While working in Grand Rapids, Lois was always the one to work holidays so other nurses with young children could be home with their families. She was often referred to by her elderly patients as the “real” nurse because she always wore her cap, white dress uniform, white stockings and white duty shoes. Lois officially retired her cap and uniform in 1990.

One of the most memorable events of this time was the years of saving money secretly so she could buy a special present for the love of her life, Roy. At no other time in her life did she ever work so much or spend so much for any gift or purchase. It was a wonderful, loving gift, a beautiful ring that Roy cherished so much.

After successfully raising her family and sending them out into the world, the two of them worked their way into retirement. This freed them up to do so much more with friends and family. They bought a travel trailer and saw 47 of the contiguous 48 states and Alaska. In their travels they made many new friends across the country with whom they kept in touch with over the years, meeting for golf, lunch or dinner as they traveled.

Lois was an avid joiner and was active with many organizations such as, Amvets Auxiliary Post 114 as a lifetime member, lifetime member of VFW Auxiliary Post 2780 in Traverse City, National WWII Memorial Honoree, Widow’s lifetime member at the Elks Club, Charter member of Elk Rapids Dollar Club, Member of Elk Rapids Social Club and a clown in many of the Harbor Day parades with Roy and her many friends (who shall remain anonymous). Her love of taking pictures was appreciated by many as she documented several years of Memorial Day parades. The annual August barbecues and sing-a-longs were legendary and will be missed by many.

Perhaps Lois’ most selfless and loving act took place as so many of her friends and neighbors aged and began to experience health issues. She was always there as a friend and a nurse for many people in need, providing care and love in the most special way. No one was in a better position to do these things for so many people, and even though it was hard, she did it. Taking time for people and using her gifts helped ease their pain and loneliness, and it was a beautiful and inspiring thing to witness.

In the last few years Lois enjoyed supporting her great-grandchildren by going to soccer, basketball and volleyball games, track meets and Elk Rapids Little Miss and Pre-teen pageants. She liked her role as a great-grandmother and getting out with the kids. They lovingly called her “grandma pink lips” and “GG”.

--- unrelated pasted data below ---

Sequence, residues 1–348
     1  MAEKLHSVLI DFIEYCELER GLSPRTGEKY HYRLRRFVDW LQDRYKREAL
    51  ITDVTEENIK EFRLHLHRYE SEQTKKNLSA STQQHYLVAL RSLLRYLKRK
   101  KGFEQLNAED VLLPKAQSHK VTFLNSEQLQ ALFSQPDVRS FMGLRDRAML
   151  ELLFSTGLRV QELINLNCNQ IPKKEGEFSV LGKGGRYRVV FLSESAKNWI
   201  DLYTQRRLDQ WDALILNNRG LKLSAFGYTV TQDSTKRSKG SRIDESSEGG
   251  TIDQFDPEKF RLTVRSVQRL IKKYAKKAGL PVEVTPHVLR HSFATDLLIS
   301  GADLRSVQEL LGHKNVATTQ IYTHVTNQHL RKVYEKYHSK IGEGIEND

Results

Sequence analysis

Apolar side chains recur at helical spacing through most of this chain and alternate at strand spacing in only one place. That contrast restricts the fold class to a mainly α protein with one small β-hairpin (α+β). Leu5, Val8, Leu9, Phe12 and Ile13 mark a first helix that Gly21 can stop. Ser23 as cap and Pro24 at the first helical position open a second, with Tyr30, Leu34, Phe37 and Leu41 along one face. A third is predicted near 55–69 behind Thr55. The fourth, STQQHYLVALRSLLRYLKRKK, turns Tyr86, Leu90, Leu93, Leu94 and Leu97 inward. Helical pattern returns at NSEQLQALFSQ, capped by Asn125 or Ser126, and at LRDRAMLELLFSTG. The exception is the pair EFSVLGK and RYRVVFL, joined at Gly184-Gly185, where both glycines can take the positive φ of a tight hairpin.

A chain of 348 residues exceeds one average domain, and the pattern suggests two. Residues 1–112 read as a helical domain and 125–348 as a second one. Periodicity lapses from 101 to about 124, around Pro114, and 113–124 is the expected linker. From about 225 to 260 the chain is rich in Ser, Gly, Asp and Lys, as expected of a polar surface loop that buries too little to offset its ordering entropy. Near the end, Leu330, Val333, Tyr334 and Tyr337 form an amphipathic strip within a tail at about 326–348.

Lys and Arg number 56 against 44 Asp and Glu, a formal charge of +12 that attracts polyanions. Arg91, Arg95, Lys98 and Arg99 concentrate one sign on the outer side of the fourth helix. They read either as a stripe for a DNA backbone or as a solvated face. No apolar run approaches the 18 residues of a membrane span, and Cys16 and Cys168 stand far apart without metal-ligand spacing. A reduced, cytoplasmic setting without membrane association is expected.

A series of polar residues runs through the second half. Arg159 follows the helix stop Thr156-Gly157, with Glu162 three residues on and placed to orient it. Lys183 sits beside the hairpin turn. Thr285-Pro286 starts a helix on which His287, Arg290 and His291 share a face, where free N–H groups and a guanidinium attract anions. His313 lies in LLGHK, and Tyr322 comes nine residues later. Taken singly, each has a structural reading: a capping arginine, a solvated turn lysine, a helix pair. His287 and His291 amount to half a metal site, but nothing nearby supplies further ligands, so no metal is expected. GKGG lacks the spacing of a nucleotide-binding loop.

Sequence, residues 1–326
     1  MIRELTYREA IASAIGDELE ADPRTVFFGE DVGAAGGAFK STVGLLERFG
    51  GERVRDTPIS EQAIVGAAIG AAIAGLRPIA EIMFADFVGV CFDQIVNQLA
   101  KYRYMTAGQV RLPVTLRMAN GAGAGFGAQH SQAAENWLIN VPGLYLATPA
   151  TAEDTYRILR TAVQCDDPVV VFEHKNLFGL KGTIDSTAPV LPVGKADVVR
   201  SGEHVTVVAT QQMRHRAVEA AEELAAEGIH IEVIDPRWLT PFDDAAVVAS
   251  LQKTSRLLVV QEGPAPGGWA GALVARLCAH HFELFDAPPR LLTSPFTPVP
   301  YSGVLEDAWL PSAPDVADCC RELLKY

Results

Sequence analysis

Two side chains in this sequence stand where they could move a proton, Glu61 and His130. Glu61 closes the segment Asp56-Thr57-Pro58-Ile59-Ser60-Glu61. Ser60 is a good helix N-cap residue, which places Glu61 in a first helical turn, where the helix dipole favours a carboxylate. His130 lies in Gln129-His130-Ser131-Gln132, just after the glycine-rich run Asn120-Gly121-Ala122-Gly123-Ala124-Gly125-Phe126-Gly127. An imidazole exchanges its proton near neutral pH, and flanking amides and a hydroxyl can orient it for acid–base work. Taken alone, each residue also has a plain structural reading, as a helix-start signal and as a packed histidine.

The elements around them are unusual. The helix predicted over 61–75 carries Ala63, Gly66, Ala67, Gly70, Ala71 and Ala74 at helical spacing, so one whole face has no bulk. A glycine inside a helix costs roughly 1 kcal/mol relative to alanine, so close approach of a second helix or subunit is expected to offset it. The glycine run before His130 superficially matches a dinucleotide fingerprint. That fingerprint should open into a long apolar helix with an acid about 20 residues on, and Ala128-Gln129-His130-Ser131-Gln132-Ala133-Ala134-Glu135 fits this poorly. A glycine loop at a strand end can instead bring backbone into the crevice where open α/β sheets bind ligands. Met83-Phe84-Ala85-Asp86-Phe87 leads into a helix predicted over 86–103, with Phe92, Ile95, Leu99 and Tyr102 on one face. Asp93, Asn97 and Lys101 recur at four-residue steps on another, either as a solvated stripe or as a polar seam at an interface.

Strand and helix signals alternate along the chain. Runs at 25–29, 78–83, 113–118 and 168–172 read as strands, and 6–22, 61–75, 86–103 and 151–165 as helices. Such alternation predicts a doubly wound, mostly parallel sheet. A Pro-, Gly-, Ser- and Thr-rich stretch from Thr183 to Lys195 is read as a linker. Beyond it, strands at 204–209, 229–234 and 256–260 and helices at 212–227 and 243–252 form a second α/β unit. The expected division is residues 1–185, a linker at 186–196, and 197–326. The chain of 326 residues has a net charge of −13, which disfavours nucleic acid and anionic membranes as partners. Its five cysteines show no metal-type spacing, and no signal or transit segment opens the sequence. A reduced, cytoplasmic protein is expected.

Her fierce loyalty and love of friends and family will be greatly missed by those who knew and loved her. Surviving friends are too numerous to mention but family members are son, Michael and daughter-in-law, Lynn Nevin; grandson, Jacob Nevin; daughter, Laura L. Nevin and son-in-law, Mark Frickman; grandson, Todd (Barbie) Frickman and great-grandchildren, Connor and Chloe Frickman; and grandson, Dustin (Carol) Frickman; daughter, Christine Keenan and son-in-law, Terry Keenan; granddaughter, Elizabeth Stevens and great-granddaughter, Allison Stevens; granddaughter, Lee Powers and great-grandchildren, Lauren, Rachel, Terran and Carson Peterson; granddaughter, Molly Keenan and grandsons, Christopher Keenan and Denny Keenan; cousins, Rosemary (Wilson) Wade, of Elk Rapids, John (Barbara) Grider, of Bowling Green, Ky., Charlotte (Grider) Egan, of Sellersburg, Ind., Jack Hummel, of Shasta Lake, Calif., and Alice (Hummel) Yaryan, of Calimesa, Calif.

She was preceded in death by her loving husband, LeRoy “Roy” L. Nevin; her parents, James Leslie “Les” and Minnie (Wilson) Grider; her brother, Leslie Grider; and many, many friends.

Friends may visit with the family at 3 p.m. on Saturday, May 4, at the Amvets Post 114, 410 Bridge Street, Elk Rapids, MI 49629, where the memorial service with military honors will take place at 4 p.m. Per Lois’s request, a social hour and dinner will follow as we celebrate her life and legacy.

In lieu of flowers, Lois’ wish is to have contributions made to Amvets Post 114, Building Fund, at the above address.

Respectful and caring arrangements have been made by Covell Funeral Home, Elk Rapids.